According to Greek myth, Achilles was wounded with a poisoned arrow (by Herakles), and his wound was healed by applying cornflower plants. The poison came from Hydra, in Greek mythology usually imagined as a huge poisonous water snake, but at that time interpreted as a giant slug. In Christian symbolism, slugs were associated with the devil, hence the remedy, cornflower, became a symbol of the Queen of Heaven, Mary, and Christ, and was often depicted in paintings of the Middle Ages and the Renaissance, frequently seen in Christian frescos.               Journal of Experimental Botany, Oxford Academic, Riklef Kandeler, Wolfram R. Ullrich, 2009.

St Cyani, by Olga Volchkova,


‘One of the cornflower flower names is derived from the specific botanical name of the flower, cyanus. According to the legend, the Greek youth Kyanos worshipped the goddess Flora. He was always gathering blue cornflowers to make garlands and place them on her altar. He even wore clothes in the same blue shade as the cornflowers which he admired. He rarely ever left the fields, and one day he was found lying dead in a cornfield. Around him,  the blue cornflowers continued to bloom. Flora named those flowers after him, in honor of his devotion and veneration.’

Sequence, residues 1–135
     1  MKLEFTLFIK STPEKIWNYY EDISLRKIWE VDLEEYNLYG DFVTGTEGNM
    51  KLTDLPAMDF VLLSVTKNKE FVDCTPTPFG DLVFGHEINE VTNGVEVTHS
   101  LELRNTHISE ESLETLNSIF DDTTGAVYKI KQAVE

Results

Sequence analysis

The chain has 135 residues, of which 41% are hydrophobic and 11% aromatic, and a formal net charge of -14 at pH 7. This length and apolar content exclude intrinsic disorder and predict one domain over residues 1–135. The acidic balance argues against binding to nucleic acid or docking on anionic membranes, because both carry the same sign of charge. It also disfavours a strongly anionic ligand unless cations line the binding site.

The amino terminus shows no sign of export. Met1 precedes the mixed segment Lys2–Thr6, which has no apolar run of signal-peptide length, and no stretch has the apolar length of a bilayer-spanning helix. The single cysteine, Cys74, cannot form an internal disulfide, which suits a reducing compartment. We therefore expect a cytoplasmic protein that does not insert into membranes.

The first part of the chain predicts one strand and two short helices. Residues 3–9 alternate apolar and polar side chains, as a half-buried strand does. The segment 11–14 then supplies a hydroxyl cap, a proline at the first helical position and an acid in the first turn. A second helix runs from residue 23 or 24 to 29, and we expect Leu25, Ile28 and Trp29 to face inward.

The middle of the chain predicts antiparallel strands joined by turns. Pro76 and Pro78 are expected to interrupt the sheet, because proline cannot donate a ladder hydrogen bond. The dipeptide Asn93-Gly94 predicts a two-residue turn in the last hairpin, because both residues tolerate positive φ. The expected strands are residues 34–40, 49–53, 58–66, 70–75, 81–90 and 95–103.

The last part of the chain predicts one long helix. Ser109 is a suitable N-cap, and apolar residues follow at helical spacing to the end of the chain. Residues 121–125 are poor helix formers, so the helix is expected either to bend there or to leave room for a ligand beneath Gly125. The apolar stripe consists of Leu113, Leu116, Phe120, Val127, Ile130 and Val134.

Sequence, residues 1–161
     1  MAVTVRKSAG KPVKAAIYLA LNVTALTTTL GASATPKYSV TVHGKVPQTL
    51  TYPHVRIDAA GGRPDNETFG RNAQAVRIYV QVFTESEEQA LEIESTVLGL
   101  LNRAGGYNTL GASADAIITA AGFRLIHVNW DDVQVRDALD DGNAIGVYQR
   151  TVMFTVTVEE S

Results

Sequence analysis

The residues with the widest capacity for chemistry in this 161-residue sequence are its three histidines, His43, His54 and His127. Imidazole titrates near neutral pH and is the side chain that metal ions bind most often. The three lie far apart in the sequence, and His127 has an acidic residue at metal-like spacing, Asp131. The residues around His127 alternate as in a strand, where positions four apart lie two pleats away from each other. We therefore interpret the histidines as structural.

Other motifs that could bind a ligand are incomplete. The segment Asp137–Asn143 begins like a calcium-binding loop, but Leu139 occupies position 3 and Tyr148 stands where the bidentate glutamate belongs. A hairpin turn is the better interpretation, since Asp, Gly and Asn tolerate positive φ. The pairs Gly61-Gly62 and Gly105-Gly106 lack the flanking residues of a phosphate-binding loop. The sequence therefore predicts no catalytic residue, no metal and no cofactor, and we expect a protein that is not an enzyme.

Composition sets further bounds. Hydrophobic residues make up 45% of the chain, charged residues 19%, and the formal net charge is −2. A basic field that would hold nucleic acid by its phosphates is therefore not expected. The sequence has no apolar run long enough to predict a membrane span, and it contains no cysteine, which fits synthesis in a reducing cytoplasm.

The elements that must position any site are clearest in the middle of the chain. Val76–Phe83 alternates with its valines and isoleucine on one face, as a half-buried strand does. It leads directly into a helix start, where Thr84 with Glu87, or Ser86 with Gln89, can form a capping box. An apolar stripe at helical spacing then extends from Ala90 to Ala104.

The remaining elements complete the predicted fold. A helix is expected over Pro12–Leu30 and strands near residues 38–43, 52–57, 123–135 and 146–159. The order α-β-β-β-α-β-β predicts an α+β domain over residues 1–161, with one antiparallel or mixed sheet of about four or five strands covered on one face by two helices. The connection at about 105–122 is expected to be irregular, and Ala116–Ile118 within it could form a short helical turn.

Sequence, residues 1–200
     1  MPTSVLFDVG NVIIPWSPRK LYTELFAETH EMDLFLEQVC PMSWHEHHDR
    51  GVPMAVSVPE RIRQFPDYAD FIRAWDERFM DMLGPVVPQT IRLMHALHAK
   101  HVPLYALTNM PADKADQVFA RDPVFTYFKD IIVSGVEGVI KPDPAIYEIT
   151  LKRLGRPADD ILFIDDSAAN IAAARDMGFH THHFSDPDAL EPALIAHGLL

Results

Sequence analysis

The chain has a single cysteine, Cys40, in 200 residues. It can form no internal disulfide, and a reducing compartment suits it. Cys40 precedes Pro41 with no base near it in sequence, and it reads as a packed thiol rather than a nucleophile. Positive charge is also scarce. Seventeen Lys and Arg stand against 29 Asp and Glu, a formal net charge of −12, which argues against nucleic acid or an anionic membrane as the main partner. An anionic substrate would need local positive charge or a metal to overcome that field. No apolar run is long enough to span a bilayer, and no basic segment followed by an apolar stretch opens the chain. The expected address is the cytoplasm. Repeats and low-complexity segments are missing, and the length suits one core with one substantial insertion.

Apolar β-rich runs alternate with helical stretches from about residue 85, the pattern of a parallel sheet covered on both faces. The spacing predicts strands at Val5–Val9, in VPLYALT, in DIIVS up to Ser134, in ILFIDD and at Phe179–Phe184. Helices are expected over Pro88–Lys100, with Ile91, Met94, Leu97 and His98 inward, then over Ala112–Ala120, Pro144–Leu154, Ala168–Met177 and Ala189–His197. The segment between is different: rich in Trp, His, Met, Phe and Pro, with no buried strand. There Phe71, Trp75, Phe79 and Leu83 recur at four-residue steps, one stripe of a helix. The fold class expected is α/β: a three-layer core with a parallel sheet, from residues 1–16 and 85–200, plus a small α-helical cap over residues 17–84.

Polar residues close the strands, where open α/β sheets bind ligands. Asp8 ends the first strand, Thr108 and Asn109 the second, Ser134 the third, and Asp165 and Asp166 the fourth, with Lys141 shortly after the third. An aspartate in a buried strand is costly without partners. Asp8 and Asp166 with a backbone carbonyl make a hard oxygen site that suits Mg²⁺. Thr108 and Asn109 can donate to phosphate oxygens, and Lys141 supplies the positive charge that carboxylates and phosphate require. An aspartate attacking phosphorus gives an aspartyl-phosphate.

There is a Russian legend : A young man, Vassili, was lured onto a cornfield and metamorphosed into a cornflower by a possessive nymph called Russalka. In Russian, the word vassili is etymologically linked to the local name of the cornflower, Basilek (the flower of Basil). Maddie Forbes, Pansy Maiden – Cornflower Flower: Meaning, Symbolism, and Colors, online website


‘The attractive flowers of cornflower have a slightly spicy, clove-like flavour with a subtle sweetness. Cornflower petals look wonderful in salads. Use torn petals as a garnish, or whole flowers in fancy drinks.The flower buds contain: biotin, folate, vitamin C, calcium, protocyanin, and flavones.’  Cornflower: Pictures, Flowers, Leaves and Identification, ediblewild